When faced with debt, the first response is often to try to pay it down as soon as possible. This makes sense from a financial standpoint, since you get rid of a high-interest debt faster, paying less overall.
But what about the psychology behind paying off debt super-fast? In some cases, it might actually make sense to pay off the debt slowly if you are perpetually caught in the debt cycle.
Have You Actually Changed Your Habits?
It’s one thing to say that you can live super-frugally and demolish your debt in six months, and another thing to reform your financial habits on a long-term basis. In some cases, borrowers who get rid of their debt quickly find themselves back in the same place a couple of years later. The Bankruptcy Data Project points out that about ⅓ of filers find themselves in just as bad straits a few years after filing as when they filed in the first place.
The key to staying out of debt once you have paid off your loans is a fundamental change in your approach to money. If you haven’t developed good money habits, just paying off your debt — no matter how quickly you do it — isn’t going to guarantee financial success.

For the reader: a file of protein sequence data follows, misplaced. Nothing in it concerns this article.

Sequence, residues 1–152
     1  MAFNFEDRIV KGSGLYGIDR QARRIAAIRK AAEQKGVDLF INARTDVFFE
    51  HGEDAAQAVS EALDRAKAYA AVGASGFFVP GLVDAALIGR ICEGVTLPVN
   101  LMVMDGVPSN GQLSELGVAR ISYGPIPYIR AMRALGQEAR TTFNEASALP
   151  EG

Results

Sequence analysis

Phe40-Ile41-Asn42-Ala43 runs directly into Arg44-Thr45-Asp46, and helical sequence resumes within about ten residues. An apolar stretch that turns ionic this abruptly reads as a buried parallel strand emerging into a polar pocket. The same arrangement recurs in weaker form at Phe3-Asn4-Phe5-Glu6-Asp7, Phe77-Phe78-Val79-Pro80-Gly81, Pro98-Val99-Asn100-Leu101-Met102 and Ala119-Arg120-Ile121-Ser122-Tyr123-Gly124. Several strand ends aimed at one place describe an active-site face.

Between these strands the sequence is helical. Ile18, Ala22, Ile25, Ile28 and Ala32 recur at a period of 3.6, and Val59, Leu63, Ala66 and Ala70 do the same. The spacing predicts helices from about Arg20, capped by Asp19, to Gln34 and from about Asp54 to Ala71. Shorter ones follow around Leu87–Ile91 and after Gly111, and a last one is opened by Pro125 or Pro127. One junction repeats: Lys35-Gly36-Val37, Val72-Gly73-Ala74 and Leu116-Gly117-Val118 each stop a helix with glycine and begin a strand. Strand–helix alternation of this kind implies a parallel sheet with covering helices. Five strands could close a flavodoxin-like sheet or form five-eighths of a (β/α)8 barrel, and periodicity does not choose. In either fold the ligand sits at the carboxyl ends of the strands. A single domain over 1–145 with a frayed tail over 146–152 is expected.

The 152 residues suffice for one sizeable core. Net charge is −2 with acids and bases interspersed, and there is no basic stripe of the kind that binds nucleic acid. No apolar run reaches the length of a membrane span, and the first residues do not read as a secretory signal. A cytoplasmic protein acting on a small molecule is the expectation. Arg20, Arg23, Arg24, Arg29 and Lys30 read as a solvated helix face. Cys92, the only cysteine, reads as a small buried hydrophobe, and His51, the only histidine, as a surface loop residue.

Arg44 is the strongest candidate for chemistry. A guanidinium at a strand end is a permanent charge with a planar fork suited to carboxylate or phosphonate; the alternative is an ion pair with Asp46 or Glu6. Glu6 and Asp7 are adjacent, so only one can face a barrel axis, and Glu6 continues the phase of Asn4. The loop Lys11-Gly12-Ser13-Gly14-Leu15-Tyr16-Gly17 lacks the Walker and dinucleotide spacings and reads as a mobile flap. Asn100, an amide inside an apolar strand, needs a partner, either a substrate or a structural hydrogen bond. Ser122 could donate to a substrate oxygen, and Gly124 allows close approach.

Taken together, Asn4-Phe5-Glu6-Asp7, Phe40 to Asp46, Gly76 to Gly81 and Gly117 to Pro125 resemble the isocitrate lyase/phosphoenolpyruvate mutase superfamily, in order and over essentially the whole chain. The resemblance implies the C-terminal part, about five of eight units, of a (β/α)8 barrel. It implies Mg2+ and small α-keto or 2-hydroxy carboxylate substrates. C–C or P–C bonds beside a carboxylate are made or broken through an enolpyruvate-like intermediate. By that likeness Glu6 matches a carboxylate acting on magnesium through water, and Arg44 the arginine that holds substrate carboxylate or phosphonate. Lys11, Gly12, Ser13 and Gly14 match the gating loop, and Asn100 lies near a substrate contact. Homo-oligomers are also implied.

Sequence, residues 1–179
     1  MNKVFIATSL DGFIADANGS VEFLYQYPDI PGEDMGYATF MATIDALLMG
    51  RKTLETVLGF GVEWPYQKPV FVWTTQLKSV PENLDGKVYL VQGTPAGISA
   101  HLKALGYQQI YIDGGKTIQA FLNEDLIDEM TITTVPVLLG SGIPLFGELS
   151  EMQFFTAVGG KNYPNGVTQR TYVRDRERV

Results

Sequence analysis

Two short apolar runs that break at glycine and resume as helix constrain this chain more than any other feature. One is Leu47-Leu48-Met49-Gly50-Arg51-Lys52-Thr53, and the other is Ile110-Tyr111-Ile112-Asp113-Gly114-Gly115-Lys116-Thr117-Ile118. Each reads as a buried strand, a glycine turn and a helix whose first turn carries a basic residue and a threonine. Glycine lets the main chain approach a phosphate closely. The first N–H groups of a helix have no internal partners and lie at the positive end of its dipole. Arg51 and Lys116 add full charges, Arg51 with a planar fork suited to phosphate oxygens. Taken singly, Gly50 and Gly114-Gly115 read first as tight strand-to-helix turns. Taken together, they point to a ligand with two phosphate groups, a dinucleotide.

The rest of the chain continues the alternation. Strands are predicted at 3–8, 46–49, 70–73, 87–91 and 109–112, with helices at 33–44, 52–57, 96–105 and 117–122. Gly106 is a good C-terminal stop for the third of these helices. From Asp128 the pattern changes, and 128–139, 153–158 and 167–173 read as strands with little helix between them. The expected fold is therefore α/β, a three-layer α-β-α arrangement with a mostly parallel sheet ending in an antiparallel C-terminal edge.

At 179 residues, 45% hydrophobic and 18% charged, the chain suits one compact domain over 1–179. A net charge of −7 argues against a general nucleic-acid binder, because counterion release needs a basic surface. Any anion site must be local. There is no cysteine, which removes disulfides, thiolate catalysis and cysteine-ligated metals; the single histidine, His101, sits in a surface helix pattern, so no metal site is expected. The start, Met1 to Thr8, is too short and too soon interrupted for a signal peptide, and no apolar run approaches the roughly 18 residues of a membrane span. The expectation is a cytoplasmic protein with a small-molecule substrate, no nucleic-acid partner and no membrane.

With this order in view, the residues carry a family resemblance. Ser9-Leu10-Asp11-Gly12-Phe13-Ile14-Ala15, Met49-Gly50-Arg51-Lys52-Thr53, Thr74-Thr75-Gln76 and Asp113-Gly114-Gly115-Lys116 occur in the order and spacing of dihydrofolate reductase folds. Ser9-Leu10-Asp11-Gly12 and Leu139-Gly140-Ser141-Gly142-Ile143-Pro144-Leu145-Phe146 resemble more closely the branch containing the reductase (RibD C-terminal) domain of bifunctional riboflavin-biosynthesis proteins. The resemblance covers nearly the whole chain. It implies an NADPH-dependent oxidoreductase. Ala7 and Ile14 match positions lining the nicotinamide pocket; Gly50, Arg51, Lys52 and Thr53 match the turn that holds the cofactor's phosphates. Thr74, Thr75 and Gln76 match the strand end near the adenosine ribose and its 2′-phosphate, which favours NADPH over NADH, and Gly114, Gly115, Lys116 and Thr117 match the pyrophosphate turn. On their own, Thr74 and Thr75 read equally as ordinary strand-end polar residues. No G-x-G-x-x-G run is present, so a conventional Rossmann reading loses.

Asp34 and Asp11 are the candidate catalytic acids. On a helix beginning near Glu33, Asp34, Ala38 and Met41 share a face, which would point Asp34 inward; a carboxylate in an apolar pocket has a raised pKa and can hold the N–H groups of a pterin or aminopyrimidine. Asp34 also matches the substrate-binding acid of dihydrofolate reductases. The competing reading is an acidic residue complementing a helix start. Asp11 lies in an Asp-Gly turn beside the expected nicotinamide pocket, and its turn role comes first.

In order to make the good effects “stick,” you might have to take a longer-term approach to paying down your debt. Being able to make small changes as you go along, managing your finances better overall, can be a big help later on. Rather than making dramatic (and temporary) changes to pay off debt, consider making smaller changes lifestyle changes that will last much longer.
If you can make dramatic changes and stick to them, and carry them over after you have paid off your debt, that’s great! But for many people, success is more likely with smaller changes made permanent over time.
Are You Stressing Your Finances to Pay Off Debt Faster?
Another consideration is whether you are sacrificing your financial wellbeing in other areas for the sake of paying off your debt faster. Perhaps you have no emergency fund as a result of your aggressive debt paydown efforts. This can be problematic in the long run if you run into an unexpected expense. All of a sudden you have to add more to your credit card — even though you are trying to get out of debt.
You might also be sacrificing other goals to pay down your debt. It’s important to take a step back and look at the whole picture. Getting out of debt is important, yes, and you’ll save by paying down your debt as quickly as possible. But if you are jeopardizing your finances in the long-term, it might make sense to dial it back a little, and take a slower approach.